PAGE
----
Marketing Lessons from Non-Marketing TED Talks: 5 Ways to Listen Better (to Your Customers)

What’s in this article:

  • Another chapter in PostFunnel’s TED Talk lessons for marketers
  • Here we look at five tactics to use to ensure you’re hearing your customers loud and clear

As Treasure bluntly puts it, we are “losing our listening”.

In the hustle and bustle of our daily lives, it’s often easier to tune out everything — even when tuning in may be necessary.

Though Treasure’s Talk focuses on how we as individuals can improve our ability to tune in and truly listen to the world around us, his advice can also apply to the world of marketing in a number of ways.

Here, we’ll take a look at how you can use Treasure’s tips to become more in-tune with what your customers are telling you — and how you can use what you learn to provide more value to them in the future.

When you truly understand what your customers are saying and properly listen to them – you can build lasting relationships with existing clients. In turn, it will contribute to the overall growth of your business.

Let’s dive in.

Seek Out Silence to Recalibrate Your Listening Efforts

Ironically enough, Treasure’s first piece of advice for improved listening is to remove yourself from as much sound (read: noise) as you possibly can.

Here, Treasure’s advice is to literally seek out a silent — or at least quiet — environment for a few moments every day. For individuals, the goal is to give your ears and your mind a chance to rest and to experience somewhat of a “reset” to avoid becoming overwhelmed.

For marketing teams, who are constantly being bombarded with information and data from all angles, it’s just as important to take a step back from time to time to avoid this same overwhelming feeling.

Let things get too “noisy”, and it’ll become almost impossible to hear what your customers are trying to tell you.

And, even if you can somewhat get a handle on the deluge of customer data coming in, it’ll be pretty difficult to know exactly what to do with the information you’re hearing. Worse yet, you may also lose sight of what you were originally listening for — and end up chasing after data and information that doesn’t tell you all that much about your customers’ needs.

Now, this isn’t to say that you should stop listening to your customers on a regular basis.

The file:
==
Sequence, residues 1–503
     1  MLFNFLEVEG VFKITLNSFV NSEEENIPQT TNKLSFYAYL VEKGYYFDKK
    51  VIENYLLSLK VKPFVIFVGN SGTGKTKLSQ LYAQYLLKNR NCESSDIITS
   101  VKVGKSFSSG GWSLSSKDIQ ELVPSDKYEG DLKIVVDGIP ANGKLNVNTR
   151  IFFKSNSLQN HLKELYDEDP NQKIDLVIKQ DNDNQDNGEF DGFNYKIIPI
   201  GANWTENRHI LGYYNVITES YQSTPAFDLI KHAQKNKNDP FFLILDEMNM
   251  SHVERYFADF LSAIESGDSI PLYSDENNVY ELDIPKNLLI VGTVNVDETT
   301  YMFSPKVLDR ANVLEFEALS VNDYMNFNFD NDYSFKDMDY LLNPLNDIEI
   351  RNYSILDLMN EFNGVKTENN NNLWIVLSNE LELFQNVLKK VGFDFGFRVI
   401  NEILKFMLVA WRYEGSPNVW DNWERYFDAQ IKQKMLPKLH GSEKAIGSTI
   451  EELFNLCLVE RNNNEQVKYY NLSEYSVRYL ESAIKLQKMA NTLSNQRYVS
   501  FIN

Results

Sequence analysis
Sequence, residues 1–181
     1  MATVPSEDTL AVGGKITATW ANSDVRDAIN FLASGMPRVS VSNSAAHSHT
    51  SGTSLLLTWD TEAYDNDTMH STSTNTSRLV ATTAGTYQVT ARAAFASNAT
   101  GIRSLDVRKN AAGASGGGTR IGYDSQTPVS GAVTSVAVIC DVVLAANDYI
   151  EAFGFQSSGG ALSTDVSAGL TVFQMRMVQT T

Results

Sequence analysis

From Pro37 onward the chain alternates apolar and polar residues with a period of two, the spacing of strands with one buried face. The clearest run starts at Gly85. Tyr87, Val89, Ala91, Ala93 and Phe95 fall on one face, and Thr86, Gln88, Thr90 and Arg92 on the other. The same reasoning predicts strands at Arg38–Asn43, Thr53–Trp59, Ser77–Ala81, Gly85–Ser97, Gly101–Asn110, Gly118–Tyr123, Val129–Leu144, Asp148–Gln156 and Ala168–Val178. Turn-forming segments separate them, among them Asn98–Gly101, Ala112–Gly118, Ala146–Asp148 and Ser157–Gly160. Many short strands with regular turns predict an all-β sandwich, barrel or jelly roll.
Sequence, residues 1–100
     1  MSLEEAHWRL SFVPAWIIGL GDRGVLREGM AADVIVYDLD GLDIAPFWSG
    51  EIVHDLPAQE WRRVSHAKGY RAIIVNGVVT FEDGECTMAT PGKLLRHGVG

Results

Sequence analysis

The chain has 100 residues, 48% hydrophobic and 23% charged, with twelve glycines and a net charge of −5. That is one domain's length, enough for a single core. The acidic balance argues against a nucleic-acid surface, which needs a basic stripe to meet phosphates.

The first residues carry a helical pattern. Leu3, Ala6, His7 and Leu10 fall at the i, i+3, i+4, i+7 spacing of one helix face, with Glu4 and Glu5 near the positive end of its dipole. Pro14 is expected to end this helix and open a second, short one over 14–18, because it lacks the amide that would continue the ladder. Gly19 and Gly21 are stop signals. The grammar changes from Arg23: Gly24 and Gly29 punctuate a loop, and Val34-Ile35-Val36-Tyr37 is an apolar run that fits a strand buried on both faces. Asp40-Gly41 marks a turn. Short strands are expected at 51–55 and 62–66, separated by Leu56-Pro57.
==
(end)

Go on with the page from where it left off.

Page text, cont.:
And you definitely don’t want to remove your customers’ ability to make their voices heard, even for a short period of time.

Rather, the idea is for your team to recognize when you’ve perhaps been listening too intently — to the point that most of what you’re hearing doesn’t help you make any meaningful improvements to your approach to marketing.

If your team reaches this point, the best thing to do is to reset your approach to listening to your customers altogether. This will allow you to pare down on the incoming “noise” and focus on collecting the customer data needed to supercharge your marketing efforts.

Identify the Channels You Should Be Listening to — and how to Listen to Them

As Treasure explains, the world is a noisy place, which can often cause us to tune out everything around us.

On an individual level, Treasure suggests we can overcome this by focusing on the singular sounds surrounding us when stuck in a noisy environment — his example being a busy coffee shop.

It’s a three-step process involving:

  • Isolating the individual sounds around us
  • Identifying and understanding where each noise is coming from
  • Listening to each sound intentionally and intensely

These tactics can be applied in the world of marketing, as well:

First, you need to isolate your incoming customer data, allowing each piece of information to exist on its own — and not allow other pieces of data to influence your understanding of each individual data point.

While you’ll likely know where this information is coming from (e.g., direct customer feedback, social media mentions, etc.), you also need to understand the nature of this info, and why it’s coming from the source it’s coming from. The context in which the information exists will add an entirely new layer to your understanding of your customers.

For example, your customers may be more apt to speak at length about your brand when posting on their personal social media pages — but may provide mere surface-level feedback when directly asked for it. Your job here is to understand why their approach varies as it does — and to figure out how to use each channel to get the absolute most you can get out of your customers whenever they engage with your brand.

That said, your various marketing channels — and the information you glean from each — shouldn’t compete with one another. And one channel should never cancel out the other in any way.

Again, the goal is to understand the nuances between each channel, and how these nuances impact the way your customers engage with your brand on each. In paying close attention to the customer data collected on each channel, you’ll gain a more comprehensive understanding of who your customers are and what they expect from your brand.

Savor the “Hidden Choir” Surrounding Your Brand

Treasure’s third piece of advice is for listeners to “savor” the “hidden choir” that’s going on all around them on a nearly constant basis.

As Treasure explains, the idea is to tune in to even the most mundane of sounds to truly appreciate the beauty of them all.

Speaking to the individual, Treasure speaks of the more aesthetic beauty of everyday sounds. From dryers tumbling to coffee beans grinding, the world is full of interesting and beautiful sounds.

But it’s up to the individual to stop taking these everyday sounds for granted — and to truly see the beauty in the constant cacophony all around us.